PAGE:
I love Matthew Inman’s comics on The Oatmeal. They’re kinda neurotic and existentially angsty, but also quite good-natured at the same time, which is why they speak directly to my soul.
This week, he had a sweet four-panel comic that several people shared on social media; maybe you saw it. In the first frame, a guy says, “When I die, I want to come back as a bird!” In the second one, a bird says, “When I die, I want to come back as a dolphin.” In the third panel, a dolphin says, “When I die, I want to come back as a cat.” In the final frame, a cat sitting on a pillow by a sunny window says, “I’ll take cat again.”
Saturday is my birthday. For me, it’s a time of reflection and self-assessment. Sort of like on new year’s, I consider where I’ve been and where I’m going. I set intentions and make commitments as I contemplate the inexorable passage of time.
Because this is happening while everything feels upside-down, I’m thinking not just about my personal resolutions for what I’d like to create in the coming year, but also about the opportunity we have together to remake our communities and the whole world.
People are talking about what/how/when we might return to normalcy. Some are speculating about what a “new normal” might look like. Many have pointed out that our so-called “normal” didn’t really work all that well for a lot of folks, so maybe we can do things differently going forward. Sounds good to me. We could come back as a bird or a dolphin. Or how about something fantastical? Maybe we could evolve into new creatures that have never existed before.
For sure, in some ways probably we’d like to stick with that which truly has been satisfying and fulfilling — i.e. choose “cat” again. The important thing, it seems to me, is to remember that we do have choices.
Remakes in art and entertainment tend to stir people up. Usually, I really like them in music, especially when the genre or style changes — I’ve got bluegrass Led Zeppelin covers, and French django-jazz interpretations of 1980s American pop, and bossa-nova renditions of disco classics.
But sometimes I can be a little reactive when a movie gets remade, especially if I am emotionally attached to the original. Or when a book that I love gets translated to the screen… Though I might look forward to it, I’m inclined to compare and critique rather harshly. Then again, in some milieus, theater and all live performance I suppose, it’s pretty much always a re-make, right? New works, night after night, are remaking themselves to stay true and alive. Productions of previously-staged pieces get remade either to capture the spirit of the original, or to extract something new from it, or to reimagine it in a different cultural context.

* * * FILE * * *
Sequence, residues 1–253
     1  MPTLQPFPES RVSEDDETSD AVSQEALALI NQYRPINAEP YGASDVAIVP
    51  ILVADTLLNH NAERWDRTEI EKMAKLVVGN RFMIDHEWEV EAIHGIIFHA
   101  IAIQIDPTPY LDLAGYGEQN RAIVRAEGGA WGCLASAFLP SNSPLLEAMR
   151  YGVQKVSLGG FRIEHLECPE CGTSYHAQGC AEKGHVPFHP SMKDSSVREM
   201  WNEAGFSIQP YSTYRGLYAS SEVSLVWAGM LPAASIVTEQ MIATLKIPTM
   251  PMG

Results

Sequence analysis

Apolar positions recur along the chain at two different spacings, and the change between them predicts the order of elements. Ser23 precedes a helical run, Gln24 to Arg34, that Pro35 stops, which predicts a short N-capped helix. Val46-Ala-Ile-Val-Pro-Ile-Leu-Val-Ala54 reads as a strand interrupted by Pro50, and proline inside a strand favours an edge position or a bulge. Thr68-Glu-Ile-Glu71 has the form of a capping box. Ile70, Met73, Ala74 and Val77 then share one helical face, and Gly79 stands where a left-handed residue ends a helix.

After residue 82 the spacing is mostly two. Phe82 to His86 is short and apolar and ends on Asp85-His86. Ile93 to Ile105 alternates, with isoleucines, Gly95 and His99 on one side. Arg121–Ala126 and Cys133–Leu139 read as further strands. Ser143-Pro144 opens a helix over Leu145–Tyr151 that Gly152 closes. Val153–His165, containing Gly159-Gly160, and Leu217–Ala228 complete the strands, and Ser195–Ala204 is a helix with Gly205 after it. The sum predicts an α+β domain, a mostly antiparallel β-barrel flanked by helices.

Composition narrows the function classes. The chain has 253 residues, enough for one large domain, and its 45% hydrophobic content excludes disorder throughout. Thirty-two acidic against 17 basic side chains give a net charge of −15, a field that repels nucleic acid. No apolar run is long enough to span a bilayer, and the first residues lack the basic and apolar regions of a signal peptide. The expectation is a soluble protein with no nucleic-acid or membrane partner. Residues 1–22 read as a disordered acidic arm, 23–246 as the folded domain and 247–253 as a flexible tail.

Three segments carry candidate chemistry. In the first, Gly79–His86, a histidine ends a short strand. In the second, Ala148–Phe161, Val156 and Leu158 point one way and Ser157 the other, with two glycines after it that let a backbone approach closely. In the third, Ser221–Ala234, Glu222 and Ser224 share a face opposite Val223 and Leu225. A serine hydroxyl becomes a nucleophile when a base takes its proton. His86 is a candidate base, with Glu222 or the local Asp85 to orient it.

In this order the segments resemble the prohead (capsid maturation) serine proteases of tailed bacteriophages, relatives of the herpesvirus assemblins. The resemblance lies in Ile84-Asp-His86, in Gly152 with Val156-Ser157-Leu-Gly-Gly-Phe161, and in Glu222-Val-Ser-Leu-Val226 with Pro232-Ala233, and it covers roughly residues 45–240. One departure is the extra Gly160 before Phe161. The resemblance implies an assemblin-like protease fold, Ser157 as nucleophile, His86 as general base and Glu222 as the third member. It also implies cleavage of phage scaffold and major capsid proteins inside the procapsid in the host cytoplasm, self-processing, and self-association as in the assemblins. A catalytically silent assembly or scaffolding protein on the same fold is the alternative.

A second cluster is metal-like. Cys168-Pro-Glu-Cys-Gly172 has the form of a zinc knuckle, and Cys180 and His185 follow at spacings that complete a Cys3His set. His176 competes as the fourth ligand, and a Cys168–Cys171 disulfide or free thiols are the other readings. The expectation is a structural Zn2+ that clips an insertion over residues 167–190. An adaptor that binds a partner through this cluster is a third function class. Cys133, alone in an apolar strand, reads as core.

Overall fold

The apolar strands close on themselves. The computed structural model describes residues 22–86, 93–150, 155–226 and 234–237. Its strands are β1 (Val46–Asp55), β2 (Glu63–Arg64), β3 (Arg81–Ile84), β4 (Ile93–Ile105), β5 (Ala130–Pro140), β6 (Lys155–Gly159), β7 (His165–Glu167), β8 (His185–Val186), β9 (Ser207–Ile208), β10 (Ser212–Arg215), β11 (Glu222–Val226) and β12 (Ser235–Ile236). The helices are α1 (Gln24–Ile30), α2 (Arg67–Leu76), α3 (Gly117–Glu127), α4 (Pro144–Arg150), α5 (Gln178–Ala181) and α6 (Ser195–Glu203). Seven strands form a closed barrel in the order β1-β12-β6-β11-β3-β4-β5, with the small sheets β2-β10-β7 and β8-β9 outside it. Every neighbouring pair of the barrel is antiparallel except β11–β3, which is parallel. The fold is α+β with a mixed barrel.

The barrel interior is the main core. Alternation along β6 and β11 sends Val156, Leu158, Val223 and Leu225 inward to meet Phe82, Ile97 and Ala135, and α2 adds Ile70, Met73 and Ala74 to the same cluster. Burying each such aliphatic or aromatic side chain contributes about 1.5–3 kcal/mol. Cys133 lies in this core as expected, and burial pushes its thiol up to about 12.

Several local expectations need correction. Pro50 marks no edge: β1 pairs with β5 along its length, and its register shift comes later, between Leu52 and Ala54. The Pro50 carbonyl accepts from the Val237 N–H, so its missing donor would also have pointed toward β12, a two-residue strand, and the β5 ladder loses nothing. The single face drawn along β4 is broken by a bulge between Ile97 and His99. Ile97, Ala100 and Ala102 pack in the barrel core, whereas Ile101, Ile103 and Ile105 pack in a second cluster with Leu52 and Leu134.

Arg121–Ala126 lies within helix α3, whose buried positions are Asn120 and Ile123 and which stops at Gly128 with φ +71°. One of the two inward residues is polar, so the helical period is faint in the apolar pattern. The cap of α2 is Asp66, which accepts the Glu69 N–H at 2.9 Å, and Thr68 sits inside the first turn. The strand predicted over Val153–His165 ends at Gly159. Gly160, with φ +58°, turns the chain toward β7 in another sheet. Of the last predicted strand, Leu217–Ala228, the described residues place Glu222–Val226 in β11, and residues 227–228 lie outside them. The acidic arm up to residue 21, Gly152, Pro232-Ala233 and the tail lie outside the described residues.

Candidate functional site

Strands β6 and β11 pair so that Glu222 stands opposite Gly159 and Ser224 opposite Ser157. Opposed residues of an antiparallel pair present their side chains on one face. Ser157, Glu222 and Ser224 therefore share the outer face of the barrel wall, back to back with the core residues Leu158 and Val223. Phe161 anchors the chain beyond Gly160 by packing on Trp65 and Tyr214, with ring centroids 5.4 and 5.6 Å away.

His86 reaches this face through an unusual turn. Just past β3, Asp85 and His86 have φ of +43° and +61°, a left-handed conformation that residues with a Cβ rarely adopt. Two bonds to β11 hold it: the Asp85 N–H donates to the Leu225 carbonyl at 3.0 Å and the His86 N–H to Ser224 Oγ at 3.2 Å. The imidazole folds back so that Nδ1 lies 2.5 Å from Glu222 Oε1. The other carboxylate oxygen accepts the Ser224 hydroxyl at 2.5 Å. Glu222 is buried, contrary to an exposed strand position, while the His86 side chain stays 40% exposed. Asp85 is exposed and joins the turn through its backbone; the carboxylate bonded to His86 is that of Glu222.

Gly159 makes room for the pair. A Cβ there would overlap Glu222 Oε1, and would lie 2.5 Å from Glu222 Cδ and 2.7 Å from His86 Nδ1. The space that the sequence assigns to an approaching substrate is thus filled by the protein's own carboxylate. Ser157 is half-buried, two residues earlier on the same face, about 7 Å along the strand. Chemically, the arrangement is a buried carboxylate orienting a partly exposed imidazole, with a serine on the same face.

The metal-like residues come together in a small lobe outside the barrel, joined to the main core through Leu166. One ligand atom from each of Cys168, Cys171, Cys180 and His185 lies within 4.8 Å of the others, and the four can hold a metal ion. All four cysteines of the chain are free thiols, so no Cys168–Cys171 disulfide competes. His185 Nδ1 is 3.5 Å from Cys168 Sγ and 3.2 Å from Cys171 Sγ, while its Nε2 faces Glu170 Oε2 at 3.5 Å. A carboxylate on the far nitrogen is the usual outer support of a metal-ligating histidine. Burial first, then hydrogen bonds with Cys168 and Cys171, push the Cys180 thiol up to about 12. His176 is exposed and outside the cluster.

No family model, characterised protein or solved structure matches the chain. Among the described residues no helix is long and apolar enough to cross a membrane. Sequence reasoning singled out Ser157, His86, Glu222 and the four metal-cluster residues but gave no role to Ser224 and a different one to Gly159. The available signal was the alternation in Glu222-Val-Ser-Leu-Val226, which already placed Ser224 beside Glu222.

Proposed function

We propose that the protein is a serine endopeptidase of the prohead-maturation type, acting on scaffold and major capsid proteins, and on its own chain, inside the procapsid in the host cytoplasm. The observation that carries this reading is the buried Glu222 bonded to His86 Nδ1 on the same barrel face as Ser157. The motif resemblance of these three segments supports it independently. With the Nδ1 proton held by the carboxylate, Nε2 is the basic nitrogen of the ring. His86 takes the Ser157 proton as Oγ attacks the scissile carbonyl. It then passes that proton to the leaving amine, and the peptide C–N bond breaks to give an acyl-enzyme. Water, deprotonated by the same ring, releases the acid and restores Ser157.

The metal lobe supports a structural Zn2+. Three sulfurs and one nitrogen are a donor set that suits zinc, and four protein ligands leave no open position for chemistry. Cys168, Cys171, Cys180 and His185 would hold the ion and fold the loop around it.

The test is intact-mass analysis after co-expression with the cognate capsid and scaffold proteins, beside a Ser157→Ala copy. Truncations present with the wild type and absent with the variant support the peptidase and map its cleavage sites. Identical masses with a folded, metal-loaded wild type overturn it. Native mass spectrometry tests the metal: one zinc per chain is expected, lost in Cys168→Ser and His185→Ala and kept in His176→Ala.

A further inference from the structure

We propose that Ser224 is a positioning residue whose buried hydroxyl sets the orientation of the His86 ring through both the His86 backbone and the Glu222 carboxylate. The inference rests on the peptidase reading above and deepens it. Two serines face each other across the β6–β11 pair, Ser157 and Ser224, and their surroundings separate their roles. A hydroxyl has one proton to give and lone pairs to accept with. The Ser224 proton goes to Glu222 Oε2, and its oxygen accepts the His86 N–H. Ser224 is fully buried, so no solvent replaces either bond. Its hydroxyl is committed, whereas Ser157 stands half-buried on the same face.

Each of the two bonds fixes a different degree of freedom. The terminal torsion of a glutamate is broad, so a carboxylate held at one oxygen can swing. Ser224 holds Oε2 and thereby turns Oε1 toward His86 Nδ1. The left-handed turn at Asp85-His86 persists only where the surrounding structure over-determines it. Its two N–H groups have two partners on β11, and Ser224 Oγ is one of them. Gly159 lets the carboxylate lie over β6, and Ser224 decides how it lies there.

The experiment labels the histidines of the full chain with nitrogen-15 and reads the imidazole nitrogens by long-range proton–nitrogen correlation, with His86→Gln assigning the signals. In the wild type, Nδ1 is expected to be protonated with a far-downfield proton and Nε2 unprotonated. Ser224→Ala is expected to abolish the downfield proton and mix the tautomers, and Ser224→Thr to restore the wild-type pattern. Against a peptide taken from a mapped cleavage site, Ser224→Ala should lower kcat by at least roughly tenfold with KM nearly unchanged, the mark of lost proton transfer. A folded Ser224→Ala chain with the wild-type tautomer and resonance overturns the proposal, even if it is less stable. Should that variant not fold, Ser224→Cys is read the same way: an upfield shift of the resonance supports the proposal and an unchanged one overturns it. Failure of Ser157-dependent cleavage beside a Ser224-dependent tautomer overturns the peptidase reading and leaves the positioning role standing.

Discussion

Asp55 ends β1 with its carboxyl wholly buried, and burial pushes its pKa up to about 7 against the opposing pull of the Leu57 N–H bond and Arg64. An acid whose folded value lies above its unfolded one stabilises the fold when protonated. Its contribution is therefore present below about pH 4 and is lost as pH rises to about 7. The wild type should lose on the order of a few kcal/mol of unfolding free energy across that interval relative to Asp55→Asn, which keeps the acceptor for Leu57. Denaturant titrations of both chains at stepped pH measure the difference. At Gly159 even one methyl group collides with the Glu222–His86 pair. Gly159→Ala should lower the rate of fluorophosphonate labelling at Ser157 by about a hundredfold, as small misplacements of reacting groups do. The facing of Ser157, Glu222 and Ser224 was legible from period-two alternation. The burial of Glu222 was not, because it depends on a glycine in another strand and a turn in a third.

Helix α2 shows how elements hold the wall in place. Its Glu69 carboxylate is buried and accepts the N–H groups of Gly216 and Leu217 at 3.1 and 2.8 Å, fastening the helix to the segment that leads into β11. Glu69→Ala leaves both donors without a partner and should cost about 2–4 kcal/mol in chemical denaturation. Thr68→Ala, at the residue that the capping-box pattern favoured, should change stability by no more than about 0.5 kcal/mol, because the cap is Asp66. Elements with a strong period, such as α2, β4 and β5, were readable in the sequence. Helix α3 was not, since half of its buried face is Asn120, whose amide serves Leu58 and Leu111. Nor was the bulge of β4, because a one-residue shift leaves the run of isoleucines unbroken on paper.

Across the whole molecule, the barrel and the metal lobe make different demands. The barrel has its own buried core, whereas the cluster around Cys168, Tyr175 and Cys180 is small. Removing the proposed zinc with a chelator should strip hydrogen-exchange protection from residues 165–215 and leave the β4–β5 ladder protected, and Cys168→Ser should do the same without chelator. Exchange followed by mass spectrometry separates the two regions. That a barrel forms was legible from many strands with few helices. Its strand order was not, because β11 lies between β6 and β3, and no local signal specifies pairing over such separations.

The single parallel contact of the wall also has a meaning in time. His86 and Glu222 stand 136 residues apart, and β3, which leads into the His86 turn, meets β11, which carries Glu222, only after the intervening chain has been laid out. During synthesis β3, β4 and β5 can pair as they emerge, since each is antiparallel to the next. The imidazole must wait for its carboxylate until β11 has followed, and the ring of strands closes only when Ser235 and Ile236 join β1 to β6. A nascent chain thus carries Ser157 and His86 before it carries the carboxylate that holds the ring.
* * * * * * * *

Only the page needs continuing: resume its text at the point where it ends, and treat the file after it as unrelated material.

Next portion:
And if remakes in art and entertainment are riling — eliciting strong opinions and reviews and comparisons — prompting groans of, “Why mess with a classic?! Why would anyone change that?!” — it shouldn’t be surprising that remakes in life are even more loaded.
Again, it seems to me that the important thing is to remember that we have choices. While it may in fact be desirable to opt for more of the same, it’s not all that powerful if it’s not a real choice, but merely a default. The cultural and social contexts in which we live are constantly changing. If we remake our same-old same-old selves unconsciously, or insist on preserving things for familiarity’s sake, we probably won’t enjoy the ride so much.
It’s pretty obvious right now that same-old same-old isn’t really an option, anyway. So I’m trying to take this as a push for an even more extravagant remake. Of course it can be deeply disconcerting to recognize that none us knows what any of it is going to look like. But really, unpredictability and variability is always actually the case; we simply don’t notice it most of the time because we’re able to re-create life habitually on auto-pilot.
Perhaps, then, we can approach the uncertainty of everything these days as a call for a total remake, an invitation to wide-open imagination and vision. More star-studded, more colorful, more fun!
Like Dolly warbling “Stairway to Heaven” accompanied by banjo and fiddle. Or a gender-swapped, racially-charged King Lear set in the reconstruction south. Or Spielberg’s new West Side Story film scheduled to release this December (I’m excited but very skeptical). Or maybe better yet — something that hasn’t been written already, that you and I are creating and re-making as ourselves and with ourselves every step, every heartbeat, every day.
© 2020 Drew Groves